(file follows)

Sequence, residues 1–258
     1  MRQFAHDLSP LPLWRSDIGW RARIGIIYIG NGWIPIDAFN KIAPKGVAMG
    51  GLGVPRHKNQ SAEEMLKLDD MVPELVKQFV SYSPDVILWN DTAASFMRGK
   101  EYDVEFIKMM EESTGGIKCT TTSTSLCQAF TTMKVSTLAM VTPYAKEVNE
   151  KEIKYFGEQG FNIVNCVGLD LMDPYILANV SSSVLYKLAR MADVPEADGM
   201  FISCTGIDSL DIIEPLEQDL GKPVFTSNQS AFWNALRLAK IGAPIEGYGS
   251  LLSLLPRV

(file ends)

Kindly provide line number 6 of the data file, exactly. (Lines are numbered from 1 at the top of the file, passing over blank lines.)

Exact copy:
   201  FISCTGIDSL DIIEPLEQDL GKPVFTSNQS AFWNALRLAK IGAPIEGYGS